Cryptococcus neoformans is an opportunistic pathogen that is responsible for life-threatening disease in patients with AIDS or other conditions of immunocompromise;extrapulmonary cryptococcal infection is an AIDS-defining illness. The long-term goal of our studies is to understand the pathogenesis of cryptococcosis. This application focuses on a fundamental part of this process, the interactions of this facultative intracellular pathogen with the phagocytic cells of its mammalian host. These interactions resolve with varying levels of damage to the host and yeast, but the mechanisms involved are poorly understood, limiting our ability to influence resolution in favor of the host. We propose to combine forward genetics, high-throughput screening assays, and focused follow-up studies to determine the cryptococcal factors that are required for this pathogen to successfully adhere to and enter host cells.
Aim I is to identify mutants in these processes, using insertional mutagenesis and automated screening.
Aim II is to determine the mechanisms by which selected gene products influence pathogen adherence and entry interactions. These studies will employ assays of cell adhesion, entry, and intracellular survival and growth;molecular techniques for sequence recovery, analysis, and gene deletion;and phenotypic assessment including morphological studies, biochemical analysis, and virulence assays. Results will be assessed using rigorous statistical methods and appropriate controls, and will be interpreted in the context of our expertise in the fundamental biology of Cryptococcus. The proposed studies will elucidate a crucial aspect of pathogenesis that determines the survival and dissemination of the organism and the host's ability to limit disease. This work will additionally open new areas for investigation of an important pathogen and develop experiment tools that can be applied to other areas of fungal biology.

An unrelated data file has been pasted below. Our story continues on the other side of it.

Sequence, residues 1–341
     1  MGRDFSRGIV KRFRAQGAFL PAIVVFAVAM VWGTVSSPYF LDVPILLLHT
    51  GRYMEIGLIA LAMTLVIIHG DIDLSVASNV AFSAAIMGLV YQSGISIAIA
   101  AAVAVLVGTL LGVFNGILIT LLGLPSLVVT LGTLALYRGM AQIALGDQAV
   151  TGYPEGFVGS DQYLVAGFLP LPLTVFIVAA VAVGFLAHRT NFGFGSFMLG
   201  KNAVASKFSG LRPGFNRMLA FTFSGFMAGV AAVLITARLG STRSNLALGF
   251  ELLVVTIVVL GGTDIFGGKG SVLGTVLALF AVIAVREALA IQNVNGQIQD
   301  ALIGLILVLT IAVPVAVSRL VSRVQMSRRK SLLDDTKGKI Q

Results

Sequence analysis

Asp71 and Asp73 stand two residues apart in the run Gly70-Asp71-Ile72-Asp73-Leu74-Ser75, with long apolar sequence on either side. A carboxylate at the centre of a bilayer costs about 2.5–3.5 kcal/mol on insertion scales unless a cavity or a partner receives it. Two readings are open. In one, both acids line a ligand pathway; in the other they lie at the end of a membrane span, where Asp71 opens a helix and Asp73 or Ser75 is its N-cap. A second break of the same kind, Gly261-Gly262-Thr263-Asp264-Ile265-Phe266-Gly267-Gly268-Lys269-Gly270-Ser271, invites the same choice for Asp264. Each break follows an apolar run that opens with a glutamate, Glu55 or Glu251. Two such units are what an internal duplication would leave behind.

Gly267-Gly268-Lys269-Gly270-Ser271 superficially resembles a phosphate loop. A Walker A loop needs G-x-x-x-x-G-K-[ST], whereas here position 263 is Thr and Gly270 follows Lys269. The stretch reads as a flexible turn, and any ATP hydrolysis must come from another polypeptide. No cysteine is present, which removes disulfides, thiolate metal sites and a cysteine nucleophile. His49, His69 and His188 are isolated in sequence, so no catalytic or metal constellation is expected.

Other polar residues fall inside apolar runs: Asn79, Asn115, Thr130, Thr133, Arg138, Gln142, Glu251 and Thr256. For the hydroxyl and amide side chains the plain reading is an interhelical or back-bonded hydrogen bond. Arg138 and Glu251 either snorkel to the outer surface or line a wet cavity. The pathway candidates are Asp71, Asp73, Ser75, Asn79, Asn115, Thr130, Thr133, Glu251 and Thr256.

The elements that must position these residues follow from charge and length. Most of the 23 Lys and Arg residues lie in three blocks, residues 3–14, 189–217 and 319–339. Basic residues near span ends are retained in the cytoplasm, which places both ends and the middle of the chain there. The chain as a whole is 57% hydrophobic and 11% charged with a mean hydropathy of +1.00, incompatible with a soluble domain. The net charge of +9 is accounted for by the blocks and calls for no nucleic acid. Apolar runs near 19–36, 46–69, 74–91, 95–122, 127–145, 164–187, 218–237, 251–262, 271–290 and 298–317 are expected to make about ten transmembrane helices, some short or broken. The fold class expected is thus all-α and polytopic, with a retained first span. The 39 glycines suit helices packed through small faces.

This research is highly relevant to public health because the organism under study causes serious human illness for which current therapies are not adequate. The interactions of Cryptococcus neoformans with host cells are fundamental to its ability to cause disease, so understanding and inhibiting these processes may advance treatment of cryptococcal infection. Further, this work will contribute to basic science knowledge, which will provide insights into pathogenic microbes as well as other areas of biology.
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